Paying for Utilities – Franchise Fee Reform

Paying for Utilities – Franchise Fee Reform

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In addition to property taxes, franchise fees – also known as local access fees, municipal consent fees, or municipal access fees – are a significant source of revenue for municipalities, accounting for 8 per cent of The City of Calgary’s revenues in 2012. These fees are collected by utilities operators and remitted to the municipality to grant operators future access to municipal rights of way. They also act as payment in lieu of property taxes, which are difficult to calculate for an operator’s entire network.

Franchise fees are typically collected based on three models: the cost of delivery only, the amount of utility consumed at the current market price, or a combined calculation of delivery cost and consumption. Unlike most jurisdictions in Alberta, The City of Calgary collects franchise fees based on the total cost. 

This method has its advantages: by calculating fees based on the total cost, The City generates greater amounts of revenue when commodity prices are high. However, it also creates budgetary disparities when economic conditions are more modest. This creates a reliance on a volatile source of revenue that could generate negative outcomes when forecasting budgets for subsequent fiscal years.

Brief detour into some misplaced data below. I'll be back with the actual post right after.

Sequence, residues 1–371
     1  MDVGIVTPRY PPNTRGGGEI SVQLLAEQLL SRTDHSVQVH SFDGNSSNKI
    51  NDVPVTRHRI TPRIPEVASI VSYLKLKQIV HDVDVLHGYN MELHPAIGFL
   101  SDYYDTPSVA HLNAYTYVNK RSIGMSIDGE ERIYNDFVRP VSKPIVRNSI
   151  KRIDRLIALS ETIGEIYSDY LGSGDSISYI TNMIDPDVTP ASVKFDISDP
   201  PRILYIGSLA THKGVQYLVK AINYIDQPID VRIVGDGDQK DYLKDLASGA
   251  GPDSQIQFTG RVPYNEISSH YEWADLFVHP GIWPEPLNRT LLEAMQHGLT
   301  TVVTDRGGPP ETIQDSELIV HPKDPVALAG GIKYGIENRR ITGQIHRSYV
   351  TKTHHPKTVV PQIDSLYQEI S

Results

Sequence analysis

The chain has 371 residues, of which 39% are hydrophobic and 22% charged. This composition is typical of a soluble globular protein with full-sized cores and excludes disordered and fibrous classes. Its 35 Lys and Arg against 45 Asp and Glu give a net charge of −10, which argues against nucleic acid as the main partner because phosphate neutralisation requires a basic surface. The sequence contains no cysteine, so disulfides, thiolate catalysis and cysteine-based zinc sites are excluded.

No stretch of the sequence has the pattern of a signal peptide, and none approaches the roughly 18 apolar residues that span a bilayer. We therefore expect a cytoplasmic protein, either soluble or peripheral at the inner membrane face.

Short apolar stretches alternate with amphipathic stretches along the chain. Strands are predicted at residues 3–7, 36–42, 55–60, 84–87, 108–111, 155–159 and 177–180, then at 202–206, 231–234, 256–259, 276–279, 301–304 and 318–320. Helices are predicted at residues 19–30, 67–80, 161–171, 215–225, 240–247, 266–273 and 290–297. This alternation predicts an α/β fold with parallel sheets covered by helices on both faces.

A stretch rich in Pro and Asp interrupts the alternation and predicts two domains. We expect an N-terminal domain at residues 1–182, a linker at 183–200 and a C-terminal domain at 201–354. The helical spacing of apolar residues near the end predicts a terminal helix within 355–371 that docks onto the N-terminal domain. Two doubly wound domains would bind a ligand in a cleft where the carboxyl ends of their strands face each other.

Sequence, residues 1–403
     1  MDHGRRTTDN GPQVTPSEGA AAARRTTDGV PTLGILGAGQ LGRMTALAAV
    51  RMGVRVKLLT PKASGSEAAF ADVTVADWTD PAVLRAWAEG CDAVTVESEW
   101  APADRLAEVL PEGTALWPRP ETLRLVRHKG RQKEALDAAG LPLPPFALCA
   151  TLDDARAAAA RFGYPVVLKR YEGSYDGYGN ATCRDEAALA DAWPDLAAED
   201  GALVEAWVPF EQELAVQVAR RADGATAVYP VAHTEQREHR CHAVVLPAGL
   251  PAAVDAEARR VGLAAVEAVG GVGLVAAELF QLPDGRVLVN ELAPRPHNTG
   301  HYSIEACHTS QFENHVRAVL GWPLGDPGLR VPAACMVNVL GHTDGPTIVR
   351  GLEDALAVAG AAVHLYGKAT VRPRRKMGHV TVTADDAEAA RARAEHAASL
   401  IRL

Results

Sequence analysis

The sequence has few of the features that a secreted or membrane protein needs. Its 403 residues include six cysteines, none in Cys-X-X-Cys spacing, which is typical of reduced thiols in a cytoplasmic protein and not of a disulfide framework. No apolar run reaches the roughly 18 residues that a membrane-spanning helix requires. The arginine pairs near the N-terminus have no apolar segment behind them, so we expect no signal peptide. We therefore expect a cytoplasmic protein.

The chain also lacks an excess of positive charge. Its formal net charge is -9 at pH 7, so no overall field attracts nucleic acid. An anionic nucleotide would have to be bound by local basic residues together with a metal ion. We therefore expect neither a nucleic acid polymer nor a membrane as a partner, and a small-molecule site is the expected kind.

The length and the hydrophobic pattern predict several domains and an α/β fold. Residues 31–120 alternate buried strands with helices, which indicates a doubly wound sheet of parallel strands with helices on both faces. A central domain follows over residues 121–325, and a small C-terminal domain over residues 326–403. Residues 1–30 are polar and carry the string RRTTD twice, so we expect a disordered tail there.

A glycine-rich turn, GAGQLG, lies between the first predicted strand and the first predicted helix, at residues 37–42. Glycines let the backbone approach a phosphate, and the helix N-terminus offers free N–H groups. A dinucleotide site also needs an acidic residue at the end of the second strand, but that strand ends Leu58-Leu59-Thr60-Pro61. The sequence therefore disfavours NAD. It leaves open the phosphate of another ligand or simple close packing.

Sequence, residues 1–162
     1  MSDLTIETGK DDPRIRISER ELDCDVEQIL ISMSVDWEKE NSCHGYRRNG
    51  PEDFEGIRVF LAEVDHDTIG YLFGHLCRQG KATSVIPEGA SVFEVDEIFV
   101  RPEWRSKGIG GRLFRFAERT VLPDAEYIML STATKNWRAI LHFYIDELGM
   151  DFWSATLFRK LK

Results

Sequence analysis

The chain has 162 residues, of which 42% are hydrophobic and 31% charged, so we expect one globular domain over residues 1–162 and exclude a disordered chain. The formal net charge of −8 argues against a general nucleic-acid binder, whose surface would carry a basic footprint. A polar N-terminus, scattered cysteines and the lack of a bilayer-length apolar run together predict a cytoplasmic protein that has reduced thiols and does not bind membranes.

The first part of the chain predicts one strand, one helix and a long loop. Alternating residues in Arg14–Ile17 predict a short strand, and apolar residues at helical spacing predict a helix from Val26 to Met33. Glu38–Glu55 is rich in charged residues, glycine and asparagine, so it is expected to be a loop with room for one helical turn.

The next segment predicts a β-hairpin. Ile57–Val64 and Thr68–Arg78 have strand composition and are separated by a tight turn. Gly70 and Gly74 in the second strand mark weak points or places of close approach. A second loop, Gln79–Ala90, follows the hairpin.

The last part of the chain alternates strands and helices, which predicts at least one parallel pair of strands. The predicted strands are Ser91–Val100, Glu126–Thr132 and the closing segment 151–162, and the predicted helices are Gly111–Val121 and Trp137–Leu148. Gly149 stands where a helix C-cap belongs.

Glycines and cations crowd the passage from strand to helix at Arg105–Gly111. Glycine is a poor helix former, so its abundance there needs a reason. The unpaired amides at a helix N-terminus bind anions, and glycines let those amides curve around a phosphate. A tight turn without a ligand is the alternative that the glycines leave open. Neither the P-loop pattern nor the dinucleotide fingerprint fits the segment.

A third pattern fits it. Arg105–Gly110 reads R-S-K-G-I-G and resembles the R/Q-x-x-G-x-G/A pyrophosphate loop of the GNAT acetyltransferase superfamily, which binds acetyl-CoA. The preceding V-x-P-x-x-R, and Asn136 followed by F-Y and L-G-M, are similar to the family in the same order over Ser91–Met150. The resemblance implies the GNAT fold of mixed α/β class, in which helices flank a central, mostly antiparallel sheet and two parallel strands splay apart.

Calculating franchise fees based solely on the cost of delivery is a more stable method of collecting utility revenues. This is due to the fact that it eliminates the unpredictability of market volatility on utility prices. Despite generating less revenue for municipalities during more prosperous times, collecting fees on distribution only allows The City to better predict the expected revenues from franchise fees on a year-to-year basis and allows for more accurate budget forecasts in subsequent years.

Additionally, while paying for waste water, electricity, and heat are part of every family’s monthly budget, the additional cost of franchise fees month-to-month based on market demand is not. In many cases citizens don’t know what these fees are and why they are being charged. A shift towards distribution-only franchise fees gives Calgarians more predictability when it comes to their monthly utilities, providing families with more financial security and helping businesses stay competitive.

Due to the volatility of the current utility structure, the Calgary Chamber recommends The City of Calgary:

  • Set franchise fees for utilities based on cost of delivery only.
  • Communicate clearly to the public what franchise fees are and how they are calculated in Calgary.

Download our full Great Calgary 2013 policy book

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